The Steps Involved
- Returning to Work
- Maximum Medical Improvement
- Impairment Rating
- Functional Capacity Evaluation
The People Involved
- Case Managers
- Safety Officers
- Occupational Doctors and Nurses
- The Treating Doctor
Returning to Work
Our goal is to rehabilitate patients well enough to allow them to return to a productive earning capacity for themselves and their families. Some patients will be able to return to their original jobs. Other patients may require vocational retraining or the assistance of the Texas Rehabilitation Commission. At the end of each office visit the doctor must fill out a work status form putting the patient either off work, on restricted duty, or back to full duty. The choice of work status is based foremost on what is safe for the patient’s medical condition, but in most cases some form of work is possible even if it is only clerical. One exception to this general rule is post-surgical patients who must be off work specifically to perform an intensive every-hour-on-the-hour motion therapy program to prevent permanent stiffness and loss of function. Otherwise, the work status is advanced as the patient’s medical condition permits with a goal of reaching full duty status as soon as possible. Most injuries and surgeries set in motion a typical three month cycle of the body repairing itself with only strength and endurance conditioning remaining after that.
Maximum Medical Improvement
Maximum Medical Improvement (MMI) is a time that is reached near the end of treatment for work related injuries. The doctor usually declares that MMI has been reached when there is no surgery planned, the therapy techniques are not going to be changed, and the tissues are not expected to heal any further. MMI does not mean that the patient is expected to feel fully cured, and patients may still have a number of symptoms.
The impairment rating is a required process at the end of treatment for some work related conditions. The rating is a percentage number. The number is meant to measure how much the worker as a whole person has been permanently damaged by the result of the medical condition. The rating does not measure symptoms such as pain; it only counts abnormalities in the patient that can be physically measured with numbers. These numbers come strictly from a national set of charts and tables published by the American Medical Association and cannot be influenced in any way by your doctor or therapist.
Functional Capacity Evaluation
A functional capacity evaluation (FCE) is a test of the patient’s capabilities to do specific types of movements using various amounts of force for periods of time. After the FCE is completed, a report is generated on how well the patient performed. This report is useful as a guide to help the doctor and employer determine what type of work activities the patient may be capable of doing at that moment in time. An FCE is usually performed at the beginning and end of a conditioning program.
The adjuster is a person employed by the insurance company who is responsible for overseeing that the proper care is given to an injured worker. The adjuster also monitors the patient’s work status and follows the rules set by the Texas Workers Compensation Commission. If the adjuster is concerned about something, he or she has the authority to send the patient to another doctor for a one time required medical examination or a second opinion regarding the ongoing treatment. The adjuster also has the authority to deny certain aspects of the treatment that do not relate directly to the specific condition being treated. Workers’ compensation medicine is different than group health coverage. Only specific body areas or conditions are authorized for treatment. Even if other problems exist, they cannot be addressed under the work related insurance plan.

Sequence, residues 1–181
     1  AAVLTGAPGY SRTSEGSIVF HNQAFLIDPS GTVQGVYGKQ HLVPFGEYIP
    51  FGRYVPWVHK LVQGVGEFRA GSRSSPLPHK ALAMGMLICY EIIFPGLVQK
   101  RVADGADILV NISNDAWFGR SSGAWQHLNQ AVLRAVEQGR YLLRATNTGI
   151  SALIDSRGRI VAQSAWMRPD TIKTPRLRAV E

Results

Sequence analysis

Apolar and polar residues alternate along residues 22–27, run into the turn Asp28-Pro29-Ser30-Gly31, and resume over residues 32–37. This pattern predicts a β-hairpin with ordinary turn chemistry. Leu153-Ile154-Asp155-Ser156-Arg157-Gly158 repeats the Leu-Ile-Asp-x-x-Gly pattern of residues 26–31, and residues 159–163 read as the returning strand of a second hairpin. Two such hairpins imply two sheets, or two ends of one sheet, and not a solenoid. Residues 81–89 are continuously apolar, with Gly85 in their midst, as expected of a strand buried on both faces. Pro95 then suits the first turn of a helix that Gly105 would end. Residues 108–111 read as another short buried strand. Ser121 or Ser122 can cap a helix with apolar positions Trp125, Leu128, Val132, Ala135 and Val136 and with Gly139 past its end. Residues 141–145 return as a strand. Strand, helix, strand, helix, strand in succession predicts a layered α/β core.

The case manager is a representative assigned to the patient to ensure that the appropriate care is given. The workers’ compensation system is confusing to many patients. Case managers are able to answer many but not all questions. They help in the transition back to work, in vocational rehabilitation decisions, and in coordination of various diagnostic and treatment services.
Safety officers work to prevent injuries form occurring in the first place. When an injury does occur, the safety officer ensures that the worker receives prompt and complete medical attention. Once treatment for the injury is underway, the safety officer will coordinate with the doctor to determine a safe job position for the worker to return to at each stage of healing.
Occupational Doctors and Nurses
Occupational doctors and nurses are experts in occupational injuries and conditions. They are often both the first and the last medical professionals to treat the patient. They have an excellent understanding of how the stresses of the job duties interact with the healing of the medical condition. They give valuable guidance to the surgeon in determining a safe work status and in the timing of return to work.
The Treating Doctor
Each patient in the workers’ compensation system must have an assigned treating doctor after 60 days. The treating doctor can be changed later by filling out a form for approval by the commission. The treating doctor is ultimately in charge of determining work status, maximum medical improvement, the impairment rating, and what treatments will be administered or withheld. The surgeon will not always be the treating doctor.